From his youth in the East Village in New York City to the luchadores in Mexico, Richard has continually participated in boxing – as exercise, as spectator and as metaphor. No sport has enjoyed the poetic ties with artists and writers as much as boxing has. TS Elliott took boxing classes at Harvard, Jack London engaged in professional boxing matches, and Ernest Hemmingway started his book The Sun Also Rises with a description of a boxer and his pending match. Japanese Neo-Dada artist Ushio Shinohara famously performs his boxing paintings, Basquiat sprinkled images of boxers into his work, and George Bellows’ gritty realism celebrated amateur boxing and the urban life of New York City in the 1920’s.
The key, especially in Richard’s work, is that the boxers have nothing to do with violence and everything to do with self-knowledge. Boxing is inextricably tied up with our culture’s perception of manhood, and the paintings are a way to debate that issue. Years ago Richard had seen a young Muhammad Ali on the boardwalk in Atlantic City. He was dressed well and walking with a group of men. At that time, he had given up his boxing career to follow his beliefs. As a young child of 13 Richard was inspired by Ali for choosing this path – the strength to take a position that would strip him of his iron status in order to support his beliefs. This inspired Richard later in life to create a series he called Hero.
When Richard later lived in Mexico, he would travel by bus to Mexico City to watch the luchadores. An entire series of work was created at this time. The luchadores are professional wrestlers in Mexico that wear demon masks, use aerial moves and are more freestyle than typical US wrestlers. Considering the history of machismo in Latin culture, an exaggerated masculinity and masculine pride, it’s no wonder Richard was attracted to this sport during a period of extreme self-reliance in his life. While on first blush the work is about the sport, the work is more honestly about survival.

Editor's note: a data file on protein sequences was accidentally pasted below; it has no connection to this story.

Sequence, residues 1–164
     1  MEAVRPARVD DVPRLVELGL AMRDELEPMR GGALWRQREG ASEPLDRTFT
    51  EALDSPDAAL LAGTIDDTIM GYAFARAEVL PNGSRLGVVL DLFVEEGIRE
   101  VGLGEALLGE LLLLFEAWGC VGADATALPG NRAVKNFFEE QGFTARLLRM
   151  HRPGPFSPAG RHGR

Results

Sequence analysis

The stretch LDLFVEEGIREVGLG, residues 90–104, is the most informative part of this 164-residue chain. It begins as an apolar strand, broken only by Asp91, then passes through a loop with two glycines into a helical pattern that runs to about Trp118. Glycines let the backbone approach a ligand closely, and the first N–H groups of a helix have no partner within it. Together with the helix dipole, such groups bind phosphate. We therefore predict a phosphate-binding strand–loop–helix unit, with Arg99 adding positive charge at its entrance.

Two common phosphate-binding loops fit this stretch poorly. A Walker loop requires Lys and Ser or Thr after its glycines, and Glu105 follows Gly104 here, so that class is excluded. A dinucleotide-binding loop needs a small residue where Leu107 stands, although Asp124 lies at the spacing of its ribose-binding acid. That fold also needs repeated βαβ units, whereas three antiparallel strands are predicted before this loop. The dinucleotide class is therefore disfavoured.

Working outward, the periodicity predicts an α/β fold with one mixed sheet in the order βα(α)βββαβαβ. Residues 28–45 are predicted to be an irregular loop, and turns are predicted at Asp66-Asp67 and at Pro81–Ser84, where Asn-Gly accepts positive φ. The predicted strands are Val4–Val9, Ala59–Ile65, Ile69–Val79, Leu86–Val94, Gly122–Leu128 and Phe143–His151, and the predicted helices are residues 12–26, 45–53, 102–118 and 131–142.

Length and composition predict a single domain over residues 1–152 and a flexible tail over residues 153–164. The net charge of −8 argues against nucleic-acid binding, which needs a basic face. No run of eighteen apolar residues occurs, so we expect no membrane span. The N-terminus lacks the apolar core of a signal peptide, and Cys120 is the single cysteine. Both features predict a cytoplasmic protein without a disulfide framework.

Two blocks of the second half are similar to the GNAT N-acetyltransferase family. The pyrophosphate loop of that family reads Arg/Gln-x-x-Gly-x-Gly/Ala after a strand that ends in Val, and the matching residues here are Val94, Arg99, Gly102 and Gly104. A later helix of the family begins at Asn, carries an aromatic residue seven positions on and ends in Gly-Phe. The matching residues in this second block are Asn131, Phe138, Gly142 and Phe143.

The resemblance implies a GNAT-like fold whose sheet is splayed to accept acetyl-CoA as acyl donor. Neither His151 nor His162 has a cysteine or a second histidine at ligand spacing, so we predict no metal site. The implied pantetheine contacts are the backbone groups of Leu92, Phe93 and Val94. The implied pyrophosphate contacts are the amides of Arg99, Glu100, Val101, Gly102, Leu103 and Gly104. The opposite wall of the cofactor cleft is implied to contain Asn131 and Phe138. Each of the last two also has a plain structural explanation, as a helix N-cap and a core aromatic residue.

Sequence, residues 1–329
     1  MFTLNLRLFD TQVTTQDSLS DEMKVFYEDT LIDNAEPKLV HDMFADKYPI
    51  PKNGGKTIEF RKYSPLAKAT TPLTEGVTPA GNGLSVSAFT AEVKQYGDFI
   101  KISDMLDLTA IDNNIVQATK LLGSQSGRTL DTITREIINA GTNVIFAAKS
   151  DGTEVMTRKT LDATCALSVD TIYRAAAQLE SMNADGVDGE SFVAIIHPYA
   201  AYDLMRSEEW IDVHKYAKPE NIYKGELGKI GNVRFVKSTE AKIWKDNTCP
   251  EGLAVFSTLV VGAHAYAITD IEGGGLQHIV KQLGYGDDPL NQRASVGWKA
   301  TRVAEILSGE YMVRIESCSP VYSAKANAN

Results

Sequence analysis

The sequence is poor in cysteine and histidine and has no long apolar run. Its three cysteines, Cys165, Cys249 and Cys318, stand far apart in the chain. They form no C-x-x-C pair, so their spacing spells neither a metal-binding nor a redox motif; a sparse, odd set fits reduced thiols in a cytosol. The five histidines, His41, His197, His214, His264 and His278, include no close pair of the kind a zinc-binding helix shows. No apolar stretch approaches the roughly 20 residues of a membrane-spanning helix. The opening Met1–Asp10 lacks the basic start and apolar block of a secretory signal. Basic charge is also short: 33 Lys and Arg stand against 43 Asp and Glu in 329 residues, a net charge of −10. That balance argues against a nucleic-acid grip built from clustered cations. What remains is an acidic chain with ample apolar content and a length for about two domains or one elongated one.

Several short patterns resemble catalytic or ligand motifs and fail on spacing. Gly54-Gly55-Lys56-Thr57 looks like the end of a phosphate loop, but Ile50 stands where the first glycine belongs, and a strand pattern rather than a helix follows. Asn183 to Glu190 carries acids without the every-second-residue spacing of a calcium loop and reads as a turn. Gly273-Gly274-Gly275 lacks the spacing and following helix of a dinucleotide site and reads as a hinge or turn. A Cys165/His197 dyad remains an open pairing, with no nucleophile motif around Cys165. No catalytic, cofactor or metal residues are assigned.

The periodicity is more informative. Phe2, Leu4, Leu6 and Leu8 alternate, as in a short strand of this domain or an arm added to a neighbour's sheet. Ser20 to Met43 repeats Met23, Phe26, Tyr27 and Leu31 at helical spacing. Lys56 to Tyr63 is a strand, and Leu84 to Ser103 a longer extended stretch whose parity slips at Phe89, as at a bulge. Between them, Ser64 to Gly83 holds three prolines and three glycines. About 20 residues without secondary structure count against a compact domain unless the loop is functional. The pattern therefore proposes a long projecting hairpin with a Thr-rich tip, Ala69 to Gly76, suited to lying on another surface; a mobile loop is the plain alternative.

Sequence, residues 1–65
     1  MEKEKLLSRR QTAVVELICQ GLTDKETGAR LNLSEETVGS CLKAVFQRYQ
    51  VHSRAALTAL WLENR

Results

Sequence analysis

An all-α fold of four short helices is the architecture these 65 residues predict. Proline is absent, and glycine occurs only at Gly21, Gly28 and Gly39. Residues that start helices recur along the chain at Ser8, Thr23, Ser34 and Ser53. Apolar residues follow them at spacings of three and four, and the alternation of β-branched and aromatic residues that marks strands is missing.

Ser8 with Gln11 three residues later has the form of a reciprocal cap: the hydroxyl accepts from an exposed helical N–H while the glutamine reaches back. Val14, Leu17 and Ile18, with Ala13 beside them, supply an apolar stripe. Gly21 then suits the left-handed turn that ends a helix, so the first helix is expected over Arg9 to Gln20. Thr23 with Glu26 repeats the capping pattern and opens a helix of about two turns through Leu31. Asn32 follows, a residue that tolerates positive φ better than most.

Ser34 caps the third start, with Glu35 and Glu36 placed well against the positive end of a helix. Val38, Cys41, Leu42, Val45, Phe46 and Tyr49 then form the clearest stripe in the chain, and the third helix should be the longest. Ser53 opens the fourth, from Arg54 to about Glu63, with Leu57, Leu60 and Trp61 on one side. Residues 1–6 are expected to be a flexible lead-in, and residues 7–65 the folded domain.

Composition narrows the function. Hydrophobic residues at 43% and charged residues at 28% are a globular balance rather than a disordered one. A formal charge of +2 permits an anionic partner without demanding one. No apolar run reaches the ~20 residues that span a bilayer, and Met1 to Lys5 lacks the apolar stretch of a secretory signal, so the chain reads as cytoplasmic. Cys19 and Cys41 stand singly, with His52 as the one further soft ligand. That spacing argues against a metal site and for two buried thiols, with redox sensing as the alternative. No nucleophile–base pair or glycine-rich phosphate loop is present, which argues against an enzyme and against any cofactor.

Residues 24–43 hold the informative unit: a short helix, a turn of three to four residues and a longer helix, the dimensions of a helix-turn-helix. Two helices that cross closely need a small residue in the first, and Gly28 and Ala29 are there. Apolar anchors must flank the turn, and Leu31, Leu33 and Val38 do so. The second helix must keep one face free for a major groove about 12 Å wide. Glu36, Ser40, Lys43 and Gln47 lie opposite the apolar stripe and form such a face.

There is no way to create a reader’s digest version of Richard’s life. He has lived comfortably in youth, been homeless, had breakdowns, moved to different countries, was a limo driver where he drove Andy Warhol, Keith Haring and Jean-Michel Basquiat, and he has shared a studio with chickens in Little Haiti, Miami. The details are fascinating. Gene Hackman shared canvases with him when he couldn’t afford them, Martin Scorsese attended one of Richard’s shows while he was working as one of Scorsese’s assistants during the filming of the movie “After Hours”.
In New Mexico he owned an organic restaurant, and after 12 years he lost everything, walking away with $500 and a Volvo. He then lived in his car for five years, and had studios when he could. It was during this time when he found NRA Target papers on a sidewalk and the boxing paintings were born on these found objects. He then started painting on Starbucks cards and expired credit cards. Much of his work continues to land on found objects that carry both a tactile quality and a connection to Richard. He paints on found dictionaries, children’s books, luggage, and bank ledgers to name a few. All chosen for their tactile quality and because they speak intuitively to him.
He moved on to Miami, where he sought out Purvis Young, an artist whose work he admired. Purvis gave him wood panels to paint outside his studio in a parking lot. During this time, he also painted guerilla murals and worked on a mural project with children in Little Haiti. His studio spaces he moved in and out of included a space in the former Stash Gallery in Little Haiti and the Villa Paula, a notoriously haunted building in Miami.